Posted by: mdmusingsie | August 4, 2011

New Lanark

Whenever something is named “New” you can’t but help wonder what was wrong with the old? In this particular case, New Lanark has been called an early 1800’s social experiment by Robert Owen. Having bought the cotton mill from his father-in-law, he set about forming a self contained village, providing work at the mill, shops, and around the village, paying fair wages, providing housing, health care, and something revolutionary for the period – compulsory, free education for children (optional for adults). It wasn’t just reading, writing, and arithmetic that he thought was important, but song, dance, and other art forms as well. He believed that education was the key to eliminating poverty and crime. In addition he was an advocate for women’s rights and helped form some of the first trade unions and co-operatives to ensure fair wages and safe working conditions. His ideas made him quite a revolutionary, attracting as many followers as detractors.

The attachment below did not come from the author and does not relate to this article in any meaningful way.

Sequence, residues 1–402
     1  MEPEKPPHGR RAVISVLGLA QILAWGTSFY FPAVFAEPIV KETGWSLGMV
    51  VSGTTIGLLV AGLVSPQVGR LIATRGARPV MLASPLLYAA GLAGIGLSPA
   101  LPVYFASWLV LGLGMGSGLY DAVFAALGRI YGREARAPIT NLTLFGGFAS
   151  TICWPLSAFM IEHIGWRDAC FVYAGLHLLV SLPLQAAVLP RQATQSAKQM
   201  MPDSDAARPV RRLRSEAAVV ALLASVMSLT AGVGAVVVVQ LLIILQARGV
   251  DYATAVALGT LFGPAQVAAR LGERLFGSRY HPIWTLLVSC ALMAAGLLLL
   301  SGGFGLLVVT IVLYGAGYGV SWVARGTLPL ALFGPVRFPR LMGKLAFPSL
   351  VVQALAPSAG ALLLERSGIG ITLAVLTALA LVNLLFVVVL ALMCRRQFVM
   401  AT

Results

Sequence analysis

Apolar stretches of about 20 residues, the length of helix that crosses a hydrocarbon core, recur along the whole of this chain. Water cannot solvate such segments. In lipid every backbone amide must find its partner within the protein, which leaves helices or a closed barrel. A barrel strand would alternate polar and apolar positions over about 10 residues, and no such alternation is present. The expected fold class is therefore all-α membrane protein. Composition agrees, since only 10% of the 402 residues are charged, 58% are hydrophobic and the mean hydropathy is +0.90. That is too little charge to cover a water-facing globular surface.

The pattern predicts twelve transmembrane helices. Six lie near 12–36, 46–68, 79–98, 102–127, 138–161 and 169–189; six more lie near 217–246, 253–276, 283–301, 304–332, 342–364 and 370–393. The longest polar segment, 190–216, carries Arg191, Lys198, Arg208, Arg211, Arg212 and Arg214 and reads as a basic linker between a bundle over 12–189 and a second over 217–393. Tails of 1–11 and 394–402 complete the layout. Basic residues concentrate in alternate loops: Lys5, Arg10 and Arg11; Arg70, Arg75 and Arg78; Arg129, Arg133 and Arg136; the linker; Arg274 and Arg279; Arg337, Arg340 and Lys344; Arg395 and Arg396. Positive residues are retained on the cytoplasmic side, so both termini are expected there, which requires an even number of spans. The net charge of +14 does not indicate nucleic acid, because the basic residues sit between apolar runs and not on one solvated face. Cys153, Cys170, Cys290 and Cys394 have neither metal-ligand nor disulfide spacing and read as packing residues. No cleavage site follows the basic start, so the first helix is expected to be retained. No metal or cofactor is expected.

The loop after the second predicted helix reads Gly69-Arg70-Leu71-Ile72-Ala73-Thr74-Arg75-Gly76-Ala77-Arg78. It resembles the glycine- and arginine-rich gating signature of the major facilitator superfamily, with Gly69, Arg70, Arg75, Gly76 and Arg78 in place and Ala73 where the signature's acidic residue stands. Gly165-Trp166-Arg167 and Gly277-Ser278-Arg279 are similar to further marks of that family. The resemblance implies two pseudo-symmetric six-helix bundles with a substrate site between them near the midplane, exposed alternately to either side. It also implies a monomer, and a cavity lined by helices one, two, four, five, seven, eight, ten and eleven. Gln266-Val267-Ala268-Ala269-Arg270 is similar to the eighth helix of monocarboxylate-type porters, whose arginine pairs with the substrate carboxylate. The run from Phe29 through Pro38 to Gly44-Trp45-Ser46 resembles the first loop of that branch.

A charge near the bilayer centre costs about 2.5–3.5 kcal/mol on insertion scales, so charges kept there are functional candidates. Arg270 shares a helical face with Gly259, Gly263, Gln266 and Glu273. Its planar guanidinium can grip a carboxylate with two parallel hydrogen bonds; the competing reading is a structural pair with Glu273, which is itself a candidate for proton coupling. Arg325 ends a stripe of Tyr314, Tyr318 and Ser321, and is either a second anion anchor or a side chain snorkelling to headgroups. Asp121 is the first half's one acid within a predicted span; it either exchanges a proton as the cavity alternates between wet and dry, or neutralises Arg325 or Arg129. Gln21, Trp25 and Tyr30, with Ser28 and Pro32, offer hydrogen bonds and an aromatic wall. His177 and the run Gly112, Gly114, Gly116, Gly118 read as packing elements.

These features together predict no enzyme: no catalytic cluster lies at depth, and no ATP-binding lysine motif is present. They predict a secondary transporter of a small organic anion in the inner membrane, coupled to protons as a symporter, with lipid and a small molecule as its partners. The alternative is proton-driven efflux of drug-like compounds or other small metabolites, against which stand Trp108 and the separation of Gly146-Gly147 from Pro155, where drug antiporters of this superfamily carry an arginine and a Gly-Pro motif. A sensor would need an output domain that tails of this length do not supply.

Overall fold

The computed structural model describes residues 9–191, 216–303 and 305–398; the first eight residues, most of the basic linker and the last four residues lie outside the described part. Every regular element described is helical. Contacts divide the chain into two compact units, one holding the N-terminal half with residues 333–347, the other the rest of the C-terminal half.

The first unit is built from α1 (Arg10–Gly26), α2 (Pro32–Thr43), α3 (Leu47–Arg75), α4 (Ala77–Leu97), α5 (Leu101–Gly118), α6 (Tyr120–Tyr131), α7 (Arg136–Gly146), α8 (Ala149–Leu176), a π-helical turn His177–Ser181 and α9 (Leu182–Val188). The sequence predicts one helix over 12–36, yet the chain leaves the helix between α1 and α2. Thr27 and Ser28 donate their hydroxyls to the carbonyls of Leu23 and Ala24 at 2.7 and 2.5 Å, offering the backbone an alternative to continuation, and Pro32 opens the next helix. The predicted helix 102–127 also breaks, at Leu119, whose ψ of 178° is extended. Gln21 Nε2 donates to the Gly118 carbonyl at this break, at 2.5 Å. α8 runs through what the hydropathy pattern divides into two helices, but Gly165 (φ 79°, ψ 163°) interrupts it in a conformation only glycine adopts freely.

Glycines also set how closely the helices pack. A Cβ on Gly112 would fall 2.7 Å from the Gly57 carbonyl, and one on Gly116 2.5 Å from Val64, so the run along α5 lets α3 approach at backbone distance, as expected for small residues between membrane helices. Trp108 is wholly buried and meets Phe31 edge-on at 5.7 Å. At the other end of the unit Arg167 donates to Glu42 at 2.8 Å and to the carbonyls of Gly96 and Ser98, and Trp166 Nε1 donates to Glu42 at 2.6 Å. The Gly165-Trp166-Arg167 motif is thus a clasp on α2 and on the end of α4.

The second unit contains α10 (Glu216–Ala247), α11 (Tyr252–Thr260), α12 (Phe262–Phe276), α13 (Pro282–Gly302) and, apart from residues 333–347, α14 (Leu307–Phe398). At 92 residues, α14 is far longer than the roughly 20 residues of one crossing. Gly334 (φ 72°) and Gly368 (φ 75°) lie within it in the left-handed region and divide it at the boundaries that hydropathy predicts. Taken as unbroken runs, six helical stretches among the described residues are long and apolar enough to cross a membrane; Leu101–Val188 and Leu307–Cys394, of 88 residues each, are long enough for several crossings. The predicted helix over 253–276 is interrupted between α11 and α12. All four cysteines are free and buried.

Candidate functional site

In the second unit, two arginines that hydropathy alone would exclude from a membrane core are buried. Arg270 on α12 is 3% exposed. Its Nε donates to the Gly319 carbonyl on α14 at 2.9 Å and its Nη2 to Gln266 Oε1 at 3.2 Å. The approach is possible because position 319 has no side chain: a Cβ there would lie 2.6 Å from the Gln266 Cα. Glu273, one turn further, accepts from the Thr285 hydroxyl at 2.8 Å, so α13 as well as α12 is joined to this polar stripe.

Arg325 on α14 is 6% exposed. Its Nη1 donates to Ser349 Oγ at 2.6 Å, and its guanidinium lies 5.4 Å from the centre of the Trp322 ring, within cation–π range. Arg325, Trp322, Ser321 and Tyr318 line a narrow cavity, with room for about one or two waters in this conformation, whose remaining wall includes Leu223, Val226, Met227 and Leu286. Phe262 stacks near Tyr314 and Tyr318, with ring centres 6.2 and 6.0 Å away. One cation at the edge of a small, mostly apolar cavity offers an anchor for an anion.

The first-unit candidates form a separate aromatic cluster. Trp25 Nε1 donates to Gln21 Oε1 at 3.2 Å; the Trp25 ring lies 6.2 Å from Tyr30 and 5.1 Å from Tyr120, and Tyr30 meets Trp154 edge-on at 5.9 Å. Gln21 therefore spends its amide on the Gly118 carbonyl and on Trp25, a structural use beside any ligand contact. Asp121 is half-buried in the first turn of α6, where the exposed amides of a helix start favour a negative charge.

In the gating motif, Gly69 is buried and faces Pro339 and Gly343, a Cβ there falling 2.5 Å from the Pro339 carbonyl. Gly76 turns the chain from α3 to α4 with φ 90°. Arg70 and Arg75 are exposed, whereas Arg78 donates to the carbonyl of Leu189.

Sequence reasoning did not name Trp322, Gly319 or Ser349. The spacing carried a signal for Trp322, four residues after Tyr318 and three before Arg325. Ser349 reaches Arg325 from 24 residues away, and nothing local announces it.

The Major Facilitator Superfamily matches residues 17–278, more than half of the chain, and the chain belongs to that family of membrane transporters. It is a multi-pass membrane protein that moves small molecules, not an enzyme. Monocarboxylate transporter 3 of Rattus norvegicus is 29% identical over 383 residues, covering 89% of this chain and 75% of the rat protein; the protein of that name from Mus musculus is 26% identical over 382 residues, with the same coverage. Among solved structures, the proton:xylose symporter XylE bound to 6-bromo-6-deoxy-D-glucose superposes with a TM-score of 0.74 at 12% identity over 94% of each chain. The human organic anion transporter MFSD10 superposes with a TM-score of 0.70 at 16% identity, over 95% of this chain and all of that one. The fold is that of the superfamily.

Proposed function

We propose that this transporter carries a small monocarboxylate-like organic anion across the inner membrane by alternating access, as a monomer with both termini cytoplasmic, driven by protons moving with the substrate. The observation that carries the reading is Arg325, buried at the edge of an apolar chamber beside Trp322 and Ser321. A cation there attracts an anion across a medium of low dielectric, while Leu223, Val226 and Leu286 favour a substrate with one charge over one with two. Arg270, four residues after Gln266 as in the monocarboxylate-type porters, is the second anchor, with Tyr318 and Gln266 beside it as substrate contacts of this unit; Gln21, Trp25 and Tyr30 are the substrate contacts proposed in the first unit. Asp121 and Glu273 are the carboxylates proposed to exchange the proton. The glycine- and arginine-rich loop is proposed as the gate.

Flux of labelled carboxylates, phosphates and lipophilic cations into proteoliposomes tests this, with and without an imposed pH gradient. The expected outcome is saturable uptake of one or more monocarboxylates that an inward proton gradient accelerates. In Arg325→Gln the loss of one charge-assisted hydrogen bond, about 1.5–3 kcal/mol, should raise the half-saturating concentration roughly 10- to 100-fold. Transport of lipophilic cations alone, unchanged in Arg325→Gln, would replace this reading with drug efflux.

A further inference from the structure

New Lanark still houses a working mill, now producing wool instead of cotton, with machinery and workers on display as part of the tour. The mill and probably the entire village get their energy through hydroelectric power generated by the Clyde River. The entrance fee also includes a ride through an exhibit called The Annie MacLeod Experience – the story of the mill and Robert Owen as told by a 10 year old girl from the 1820’s.

Robert Owen tried to establish a similar village in New Harmony, Indiana, but since he wasn’t there to oversee the entire project, and human nature being what it is, squabbling among the overseers ended it before it could really begin. While it may have been too utopian and socialistic, there are certain tenets of his vision that have merit, even today.

Regardless of his ideas, it’s a beautiful place to visit, with lush green parklands all around. It’s not for the faint of heart, though, unless you’re staying at the hotel. It is a hike down (and back up) from the car park, but there are great views of the Clyde falls and the surrounding countryside that are definitely worth the trip.

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